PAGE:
anti-horse thief society
Prepared by Illya D'Addezio.
As the United States was in its growth stages, horse thieves flourished in the frontier areas of the country. A thief could steal a horse and hurry it across state lines or into the Indian territories where authorities could not easily follow. Local societies were formed around the country with the purpose of detecting (the horse thief) and pursuing them, to both return the horse and deliver the thief to the authorities (or simply hang him). Some groups would maintain a fund to immediately replace any stolen horse; and when a horse was returned, if the owner no longer needed one, it was sold and the proceeds added back into the fund. To learn more, see the GenWeekly article, To Catch a Thief" ($).
Was your ancestor a member? Find out, by checking the Anti-Horse Thief Society publications that have been indexed at the Genealogy Today (listed below).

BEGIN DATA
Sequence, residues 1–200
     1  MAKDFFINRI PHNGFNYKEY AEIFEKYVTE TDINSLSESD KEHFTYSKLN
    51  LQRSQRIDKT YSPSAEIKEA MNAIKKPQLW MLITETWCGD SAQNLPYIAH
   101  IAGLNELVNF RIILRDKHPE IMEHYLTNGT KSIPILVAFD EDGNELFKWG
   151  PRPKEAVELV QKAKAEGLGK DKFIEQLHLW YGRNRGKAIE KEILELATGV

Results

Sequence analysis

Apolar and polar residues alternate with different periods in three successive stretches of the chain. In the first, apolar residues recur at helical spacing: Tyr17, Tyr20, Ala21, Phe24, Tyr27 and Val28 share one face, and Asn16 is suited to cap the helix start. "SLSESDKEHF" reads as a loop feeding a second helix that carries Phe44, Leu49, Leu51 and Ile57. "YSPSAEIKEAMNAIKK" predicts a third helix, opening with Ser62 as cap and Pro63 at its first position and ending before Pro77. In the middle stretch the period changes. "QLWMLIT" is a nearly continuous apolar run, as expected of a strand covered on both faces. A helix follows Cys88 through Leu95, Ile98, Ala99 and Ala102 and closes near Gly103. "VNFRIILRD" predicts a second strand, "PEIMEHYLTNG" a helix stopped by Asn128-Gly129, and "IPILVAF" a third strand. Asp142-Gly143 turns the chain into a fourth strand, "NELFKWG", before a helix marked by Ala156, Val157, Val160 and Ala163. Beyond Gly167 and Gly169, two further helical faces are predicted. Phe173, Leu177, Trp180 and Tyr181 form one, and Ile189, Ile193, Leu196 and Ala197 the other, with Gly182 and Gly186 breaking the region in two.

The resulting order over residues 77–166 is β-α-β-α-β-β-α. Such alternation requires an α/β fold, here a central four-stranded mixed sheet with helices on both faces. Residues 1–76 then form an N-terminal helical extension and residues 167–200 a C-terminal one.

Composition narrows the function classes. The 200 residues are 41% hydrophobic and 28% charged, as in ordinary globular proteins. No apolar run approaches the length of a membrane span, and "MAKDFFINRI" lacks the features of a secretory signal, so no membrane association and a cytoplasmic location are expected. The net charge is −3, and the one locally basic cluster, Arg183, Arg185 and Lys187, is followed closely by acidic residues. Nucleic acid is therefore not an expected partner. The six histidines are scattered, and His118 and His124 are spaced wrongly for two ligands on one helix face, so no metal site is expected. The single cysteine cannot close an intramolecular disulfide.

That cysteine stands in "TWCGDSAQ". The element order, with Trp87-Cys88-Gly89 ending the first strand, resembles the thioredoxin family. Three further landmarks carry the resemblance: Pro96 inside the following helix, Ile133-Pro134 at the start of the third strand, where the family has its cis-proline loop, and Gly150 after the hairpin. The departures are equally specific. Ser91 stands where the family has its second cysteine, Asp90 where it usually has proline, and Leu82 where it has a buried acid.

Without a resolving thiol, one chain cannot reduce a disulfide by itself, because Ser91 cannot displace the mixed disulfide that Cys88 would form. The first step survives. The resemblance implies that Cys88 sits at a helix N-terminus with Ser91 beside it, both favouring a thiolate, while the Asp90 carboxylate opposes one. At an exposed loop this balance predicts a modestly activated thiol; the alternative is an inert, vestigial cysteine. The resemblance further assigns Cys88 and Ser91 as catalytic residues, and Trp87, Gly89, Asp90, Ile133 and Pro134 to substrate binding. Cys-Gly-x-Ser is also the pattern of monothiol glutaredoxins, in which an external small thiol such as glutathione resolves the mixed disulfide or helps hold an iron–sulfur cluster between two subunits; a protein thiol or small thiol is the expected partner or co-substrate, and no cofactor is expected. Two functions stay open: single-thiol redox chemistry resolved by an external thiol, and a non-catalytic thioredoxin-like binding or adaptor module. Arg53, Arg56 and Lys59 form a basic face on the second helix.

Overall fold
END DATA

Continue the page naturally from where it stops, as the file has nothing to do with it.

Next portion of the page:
Brunswick Society for Apprehending Horse Thieves 1867 Members ($)Cumberland Detective Society 1916 By-Laws ($)The Fellowship Horse Company 1860 ($)Green Township Vigilant Society 1897 By-Laws ($)Honeybrook Horse Company 1904 Constitution ($)Hopewell Pursuing and Detecting Society Charter Members ($)Mass. Society for Detecting Horse Thieves 1880 Members ($)Mt. Top Horse Thief Detecting Society 1919 By-Laws ($)Muscatine County Horse-Thief Association 1911 By-Laws ($)National Horse Shoers Protective Association 1897 Calendar ($)Norfolk and Bristol Horse Thief Detecting Society 1874 Members ($)Rising Sun Detective Association 1926 Members ($)Schoharie Union Anti-Horse Thief Society 1879 By-Laws ($)So. Jersey Pursuing and Detecting Society 1886 Members ($)Three Men on a Horse Official Programme ($)Warren Company 1906 List of Members ($)Worcester Association of Mutual Aid in Detecting Thieves 1929 Report ($)
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